# Seeking a continuous, parametric, bimodal sampling distribution for proportions

I am seeking a parametric probability model whose pdf has the following characteristics: (1) it is supported on a variate axis that is bounded between 0 and 1; (2) it is continuous; and (3) it is capable of having two (or more) modes that are not necessarily located at 0 or 1 (e.g., in contrast to the beta distribution whose a and b are both <1). I am thinking of some sort expansion on the beta or Kumaraswamy distribution analogous to the bi-Weibull expansion on the Weibull distribution. My intention is to use such a model as a sampling distribution for sample proportions that vary continuously. My simulated data tend toward the low side of the variate range, typically ranging between 0 and 0.01, with a center of mass that in the neighborhood of 0.001. See the illustration below for examples. Has anyone run across such an obscure distribution that meets this challenging combination of criteria?

• Heya! Welcome and nice first question. Is there any way you can edit the title to give a teeny bit more idea about the content of your question? You can edit the question by clicking the "edit" link in the lower left. – Alexis Jul 22 '14 at 21:00
• Title revised, hopefully for the better. – UW Will Jul 22 '14 at 21:17
• Why not a mixture of Betas? – user44764 Jul 22 '14 at 23:03
• I'd look at a two-component mixture of some continuous family of distributions on the unit interval. (Edit: Uh, like the one Matthew suggested while I was typing.) – Glen_b Jul 22 '14 at 23:04

Why not consider a finite mixture distribution?

In this case, probably one with two components, though some of those plots might just be better approximated by three-component mixtures.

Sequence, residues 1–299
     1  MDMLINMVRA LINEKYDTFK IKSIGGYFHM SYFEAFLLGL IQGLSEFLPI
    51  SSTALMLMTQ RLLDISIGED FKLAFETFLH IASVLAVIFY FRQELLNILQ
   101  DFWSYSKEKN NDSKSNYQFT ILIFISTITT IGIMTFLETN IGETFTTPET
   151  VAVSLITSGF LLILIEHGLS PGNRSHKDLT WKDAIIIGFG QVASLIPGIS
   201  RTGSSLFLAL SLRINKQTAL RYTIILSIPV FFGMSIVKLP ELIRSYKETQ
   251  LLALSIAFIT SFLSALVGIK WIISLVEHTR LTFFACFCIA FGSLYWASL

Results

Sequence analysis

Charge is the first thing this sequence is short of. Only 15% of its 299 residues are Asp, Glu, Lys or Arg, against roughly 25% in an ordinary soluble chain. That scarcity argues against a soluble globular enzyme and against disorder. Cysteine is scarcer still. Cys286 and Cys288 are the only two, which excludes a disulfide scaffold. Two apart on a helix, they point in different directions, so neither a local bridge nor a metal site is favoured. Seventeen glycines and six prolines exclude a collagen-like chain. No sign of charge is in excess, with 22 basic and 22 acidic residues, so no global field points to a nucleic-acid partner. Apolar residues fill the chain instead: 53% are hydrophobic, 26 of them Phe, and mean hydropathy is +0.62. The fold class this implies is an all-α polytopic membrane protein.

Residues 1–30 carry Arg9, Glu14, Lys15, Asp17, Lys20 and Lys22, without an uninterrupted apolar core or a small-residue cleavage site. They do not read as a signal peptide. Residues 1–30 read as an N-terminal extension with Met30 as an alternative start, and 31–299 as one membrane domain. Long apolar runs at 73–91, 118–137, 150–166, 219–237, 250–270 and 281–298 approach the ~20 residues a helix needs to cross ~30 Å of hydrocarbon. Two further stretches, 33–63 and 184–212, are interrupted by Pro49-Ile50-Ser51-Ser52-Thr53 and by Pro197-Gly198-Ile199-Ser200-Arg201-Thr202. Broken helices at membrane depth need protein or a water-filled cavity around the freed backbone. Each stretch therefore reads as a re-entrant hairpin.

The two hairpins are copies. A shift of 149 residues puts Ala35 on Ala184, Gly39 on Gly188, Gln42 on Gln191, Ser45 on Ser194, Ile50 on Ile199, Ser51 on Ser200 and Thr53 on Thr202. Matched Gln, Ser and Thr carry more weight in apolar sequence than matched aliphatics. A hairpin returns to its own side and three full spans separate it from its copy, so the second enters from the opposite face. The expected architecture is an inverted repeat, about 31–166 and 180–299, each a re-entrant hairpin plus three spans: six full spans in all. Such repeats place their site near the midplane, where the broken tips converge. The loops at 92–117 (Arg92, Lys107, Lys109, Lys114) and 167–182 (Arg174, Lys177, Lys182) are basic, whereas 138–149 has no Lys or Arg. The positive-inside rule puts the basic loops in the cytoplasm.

Each component would be something suitable for a continuous proportion.

A typical example would be to use two different beta distributions.

So if the observed proportion is

$$Y=wX_1+(1-w)X_2\,,$$

where the components are say

$$X_i\sim\text{Beta}(\alpha_i,\beta_i),\quad i=1,2$$

then the density is

$$f_Y(y) = wf_{X_1}(y)+(1-w)f_{X_2}(y),\quad 0\leq y\leq 1\,.$$

Here's an example:

The parameters of this example:

$\quad X_1\sim \text{Beta}(1,2500)$

$\quad X_2\sim \text{Beta}(4,3500)$

$\quad w=0.35$

The distribution of $Y$ in a two component mixture of betas has 5 parameters, and is very flexible.

• +1, although the answer might benefit with suggestions on computation strategies for modeling data in this fashion. I realize it's not in the OP's question, but it would still be helpful. – user44764 Jul 23 '14 at 0:12

I like the finite mixture approach, a lot. Such an approach didn't occur to me at all, because I am not very familiar with finite mixture models. Instead, I was envisioning a multi-component expansion on a beta or Kumaraswamy distribution, analogous to the multi-component models I am familiar with from survival analysis in demography, like the bi-Weibull or Siler distributions. I decided to see if I had it in me to work with the Kumaraswamy distribution, because it has an analytically tractable CDF (unlike the beta distribution):

The challenge here, though, is to fit each component's a and b so that the pdf looks right. Just tinkering with it, I came up with

Based on the R code

d.multi.kumar=function(y,a,b){
k=length(a)

p.per.k=rep(0,k)
for (i in 1:k){
p.per.k[i]=(1-y^a[i])^b[i]
}
S.multi.kumar=prod(p.per.k)

h.per.k=rep(0,k)
for (i in 1:k){
h.per.k[i]=(a[i]*b[i]*y^(a[i]-1))/(1-y^a[i])
}
h.multi.kumar=sum(h.per.k)
return(S.multi.kumar*h.multi.kumar)
}

a=c(1.01,4.2)
b=c(150,1000000000)
y=seq(0,0.2,0.000001)

pdf.multi.kumar=sapply(X=y,FUN=d.multi.kumar,a,b)
plot(y,pdf.multi.kumar,"h",xlim=c(0,0.1),xlab="y",ylab="f(y)",col="light blue")
abline(h=0)


I like the visual effect of the finite mixture model more. Wrestling sharp and horizontally separated peaks out of a multi-Kumaraswamy distribution seems quite difficult. In terms of first principles, I don't have any great guidance, so I am not sure that a mixture model has any more theoretical warrant than the other approach, but whatever works ...